On July 10, several Pennsylvania religious leaders traveled to Washington DC to offer in-person testimony to the EPA regarding delay of implementation of New Source Performance Standards for Methane emissions from oil and gas operations. EPA-HQ-OAR-2010-0505
Good afternoon. I am Rabbi Daniel Swartz of Temple Hesed of Scranton. I’m also Board President of Pennsylvania Interfaith Power & Light, which works with congregations and people of faith across Pennsylvania to address the moral dimensions of climate change. In addition, I have a background in children’s environmental health, including serving for several years on EPA’s Children’s Health Protection Advisory Committee.
The Book of Proverbs gives us blunt advice about how to distinguish between wise and foolish decisions. In Proverbs 22:3, we read: “the prudent see danger and take cover, but the simpleton keeps going and pays the penalty.” In the case of the new source rule we are discussing today, we know that there is danger. We know the solution, one that has already been applied under multiple state-level standards and has been shown to be both practical and affordable. To simply keep going, to put off taking cover by delaying the implementation of this rule, is, by this biblical standard, clearly foolish.
And worse than foolish. EPA has officially stated that the health and safety risk posed by any delay “may have a disproportionate effect on children.” To recognize that and yet still call for delay is not just foolish but immoral.
Since 1995, all of EPA regulations and rules are supposed to take into account that children aren’t just little adults when it comes to environmental health and safety. Their developing bodies and distinct behaviors put them at special risk. Methane and its co-pollutants, such as smog-producing volatile organic compounds and carcinogens like benzene, endanger children, harm their health and disrupt their development. Exposures that would occur during a two-year, or even a 90-day delay, would have consequences that would stretch on for years or even lifetimes.
For example, children’s lungs continue to develop not just during childhood but also throughout the teen years. Harmful chemical exposures during this time can permanently scar pulmonary tissues and even trigger life-long asthma. Even when asthma doesn’t lead to hospitalizations or worse, it still disrupts families and keeps kids from attending school. As a parent of a teen who missed weeks of school this year due to health issues, I know first-hand that those missed days cannot easily be made up, but rather have lasting consequences upon learning and achievement.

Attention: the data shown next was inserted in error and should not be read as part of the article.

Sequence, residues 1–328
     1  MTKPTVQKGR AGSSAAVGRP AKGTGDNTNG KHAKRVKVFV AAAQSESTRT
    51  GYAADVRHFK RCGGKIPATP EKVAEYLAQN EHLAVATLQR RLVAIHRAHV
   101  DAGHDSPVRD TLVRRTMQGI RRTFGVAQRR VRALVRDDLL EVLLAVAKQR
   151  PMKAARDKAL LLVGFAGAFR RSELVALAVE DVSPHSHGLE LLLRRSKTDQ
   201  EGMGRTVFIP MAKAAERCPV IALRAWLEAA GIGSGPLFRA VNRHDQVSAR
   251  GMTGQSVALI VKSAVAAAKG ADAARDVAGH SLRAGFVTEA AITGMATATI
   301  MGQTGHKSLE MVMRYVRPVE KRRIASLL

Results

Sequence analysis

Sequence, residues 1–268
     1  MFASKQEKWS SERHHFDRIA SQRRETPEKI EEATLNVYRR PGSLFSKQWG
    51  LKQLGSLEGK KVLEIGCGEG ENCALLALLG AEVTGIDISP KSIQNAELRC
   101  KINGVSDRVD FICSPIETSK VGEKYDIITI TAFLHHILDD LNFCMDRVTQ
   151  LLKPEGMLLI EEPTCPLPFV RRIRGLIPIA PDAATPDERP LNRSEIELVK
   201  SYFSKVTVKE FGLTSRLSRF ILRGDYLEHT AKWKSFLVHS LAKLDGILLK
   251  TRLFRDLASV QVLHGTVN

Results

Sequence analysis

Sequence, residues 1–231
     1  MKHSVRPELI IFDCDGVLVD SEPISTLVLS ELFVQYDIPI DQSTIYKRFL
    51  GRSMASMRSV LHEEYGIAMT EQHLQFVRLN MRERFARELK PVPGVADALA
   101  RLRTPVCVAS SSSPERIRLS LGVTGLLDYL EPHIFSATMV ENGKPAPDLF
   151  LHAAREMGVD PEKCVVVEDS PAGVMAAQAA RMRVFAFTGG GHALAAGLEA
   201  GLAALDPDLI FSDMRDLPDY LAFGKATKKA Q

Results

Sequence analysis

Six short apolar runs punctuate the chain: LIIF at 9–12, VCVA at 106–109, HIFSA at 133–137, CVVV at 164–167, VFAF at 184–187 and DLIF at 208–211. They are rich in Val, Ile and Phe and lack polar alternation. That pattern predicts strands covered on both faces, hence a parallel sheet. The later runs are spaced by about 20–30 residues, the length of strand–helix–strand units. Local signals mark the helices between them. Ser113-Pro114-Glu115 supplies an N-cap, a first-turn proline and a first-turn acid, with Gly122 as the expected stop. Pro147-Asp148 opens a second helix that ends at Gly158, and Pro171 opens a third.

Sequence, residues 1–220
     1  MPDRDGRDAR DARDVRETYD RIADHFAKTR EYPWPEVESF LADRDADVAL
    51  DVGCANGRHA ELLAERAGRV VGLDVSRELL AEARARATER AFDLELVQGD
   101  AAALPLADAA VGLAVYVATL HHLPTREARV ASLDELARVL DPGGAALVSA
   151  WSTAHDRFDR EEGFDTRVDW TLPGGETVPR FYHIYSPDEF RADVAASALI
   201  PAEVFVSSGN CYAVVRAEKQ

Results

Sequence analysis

In addition to its direct health impacts, methane is a potent greenhouse gas, 80 times more powerful than CO2 over the short term. Delays in implementing the Methane Leak Detection and Repair rule, therefore, put children at greater risk for health problems associated with climate change, including vector-borne diseases like Lyme and West Nile virus, heat waves, and code red air days. Doesn’t it seem unethical that future generations should pay the price because we failed to be prudent today? Instead, we should be doing our utmost to protect our children and ensure a better world for their children, as Judaism, Christianity, Islam, and countless other religious traditions instruct us. We are called, in the language of the prophets, to protect the widow, orphan and stranger, those the Gospels call “the least of these.” It is precisely how a society treats its least powerful, most vulnerable members that shows whether or not that society is truly great.
This is my daughter’s final summer as a high school student. Today is my day off, and frankly, I’d rather be spending it with her than taking the whole day to travel back and forth to DC. But I would be ashamed to tell her that I had a chance to speak up against this proposed delay and failed to do so. I hope, as you make your decision, that you will keep her and all the children of our nation in mind. If you do so, you will see that there is only one wise and moral course of action – implement the new source rule without delay.
Thank you for this opportunity to testify.
Rabbi Daniel Swartz